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Monday, November 12, 2012

New potential organization to help senior citizens in Howard County

        Last Thursday I attended a meeting sponsored by the Senior Advisory Counsel of the Columbia Association to present the potential of creating a "village" to support senior citizens in Columbia.  I had blogged about this meeting last week. This meeting was well attended with over 50 people, mostly seniors, to hear how a group on Capitol Hill in DC formed this type of program in 2006.  This Capitol Hill Village is a membership organization of seniors which provides supportive services needed by older persons as they age.  They have both individual and couples memberships. They now have 260 members and over 400 people enrolled.  The annual membership is $500 for an individual and $800 for a couple.  This seems to be an expensive membership fee but they wanted to charge enough to make it feasible to have staff to make this concept work.  They wanted to generate enough members to meet an $80,000 annual budget and they exceeded this amount the first year.  Today the budget is $255,000 and they generated a $50,000 surplus last year.
       The range of services they provide are transportation, chore, homemaking, grocery and medication pick up, tech support for electronics, pet care and assistance with vet visits and finally case work services.  They have recently started to develop social activities such as affinity groups with shared interests, a travel group and a restaurant group.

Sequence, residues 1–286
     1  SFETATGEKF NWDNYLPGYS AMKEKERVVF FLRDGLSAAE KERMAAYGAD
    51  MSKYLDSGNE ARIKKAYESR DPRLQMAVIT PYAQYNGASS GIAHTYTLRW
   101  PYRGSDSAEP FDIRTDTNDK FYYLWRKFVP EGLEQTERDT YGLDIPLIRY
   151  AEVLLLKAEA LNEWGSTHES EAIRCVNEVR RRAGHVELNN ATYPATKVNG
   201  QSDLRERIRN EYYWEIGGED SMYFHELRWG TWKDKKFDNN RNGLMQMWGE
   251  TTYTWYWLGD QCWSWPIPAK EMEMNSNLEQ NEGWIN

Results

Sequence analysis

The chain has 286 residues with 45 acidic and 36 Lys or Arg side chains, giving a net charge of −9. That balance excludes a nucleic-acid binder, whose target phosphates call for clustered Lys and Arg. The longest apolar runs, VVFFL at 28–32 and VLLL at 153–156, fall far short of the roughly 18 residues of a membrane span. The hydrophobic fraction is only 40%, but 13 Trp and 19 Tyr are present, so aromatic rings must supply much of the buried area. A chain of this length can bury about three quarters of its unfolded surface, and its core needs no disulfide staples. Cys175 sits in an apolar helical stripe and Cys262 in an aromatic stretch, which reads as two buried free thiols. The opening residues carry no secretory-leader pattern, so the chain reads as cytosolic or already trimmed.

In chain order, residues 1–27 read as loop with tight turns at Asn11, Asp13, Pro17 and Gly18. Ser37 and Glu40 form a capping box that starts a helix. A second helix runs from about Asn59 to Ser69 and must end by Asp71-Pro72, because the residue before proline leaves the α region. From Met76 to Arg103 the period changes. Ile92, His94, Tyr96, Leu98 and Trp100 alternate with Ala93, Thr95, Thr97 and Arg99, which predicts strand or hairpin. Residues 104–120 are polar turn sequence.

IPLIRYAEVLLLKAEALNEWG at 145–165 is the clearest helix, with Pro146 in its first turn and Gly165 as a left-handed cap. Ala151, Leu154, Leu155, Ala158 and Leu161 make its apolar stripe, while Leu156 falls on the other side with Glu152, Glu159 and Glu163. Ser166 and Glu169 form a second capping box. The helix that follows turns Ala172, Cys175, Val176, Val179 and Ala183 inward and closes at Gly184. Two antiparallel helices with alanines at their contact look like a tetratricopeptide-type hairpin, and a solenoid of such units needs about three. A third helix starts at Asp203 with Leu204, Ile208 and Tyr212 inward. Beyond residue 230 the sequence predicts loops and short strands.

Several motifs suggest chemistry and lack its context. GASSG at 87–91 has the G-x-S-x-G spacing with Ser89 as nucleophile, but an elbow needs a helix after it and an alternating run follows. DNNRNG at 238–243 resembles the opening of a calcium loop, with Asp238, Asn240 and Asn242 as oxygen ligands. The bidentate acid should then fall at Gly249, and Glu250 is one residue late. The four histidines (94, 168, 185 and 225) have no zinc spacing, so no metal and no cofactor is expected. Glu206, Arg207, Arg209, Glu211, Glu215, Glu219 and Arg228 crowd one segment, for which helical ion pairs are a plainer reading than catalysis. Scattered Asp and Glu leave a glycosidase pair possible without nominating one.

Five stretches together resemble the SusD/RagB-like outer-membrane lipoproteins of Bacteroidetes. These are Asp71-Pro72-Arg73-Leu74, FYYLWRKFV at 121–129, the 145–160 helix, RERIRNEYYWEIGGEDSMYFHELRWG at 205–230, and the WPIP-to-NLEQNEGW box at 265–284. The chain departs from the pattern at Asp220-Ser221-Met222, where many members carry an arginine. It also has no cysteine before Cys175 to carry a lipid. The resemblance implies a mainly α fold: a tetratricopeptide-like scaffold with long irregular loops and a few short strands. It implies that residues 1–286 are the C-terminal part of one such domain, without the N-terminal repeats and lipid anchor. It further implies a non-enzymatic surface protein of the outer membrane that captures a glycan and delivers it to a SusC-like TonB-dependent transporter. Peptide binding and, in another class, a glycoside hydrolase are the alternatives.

At first they were unsure of the number of people who would be willing to pay this amount of annual membership dues but they were surprised to find out that they received enough in dues to surpass there goal of $80,000 in dues to be able to hire their first staff person.  They stressed how important this was to be able to develop the program.  They didn't feel that it could have gotten off the ground with just volunteers.  Most of the services are provided by over 270 volunteers and are supplemented by some limited services which require a fee.  When they started and surveyed their members for services they would need and also to determine how many would be willing to volunteer they were surprised that most people indicated an interest in volunteering more than needing a service.  One would have thought that most people joining at $500 a year would only be those seniors with needs.  They don't have an age restriction, some other groups, but do find the average age of a member is 71 years old.
     Does this work everywhere?  Apparently not.  They mentioned a group that tried to start this type of program in Fairfax County Virginia and it had difficulties with the large size of Fairfax.  Having a small enough geographical area with a high enough concentration of people seems to be necessary for this to work. With the two successful programs being in Capitol Hill and Beacon Hill in Boston it would seem to need to be located in an area with a reasonably affluent senior population.  Does Columbia meet these criteria?  Only time will tell.

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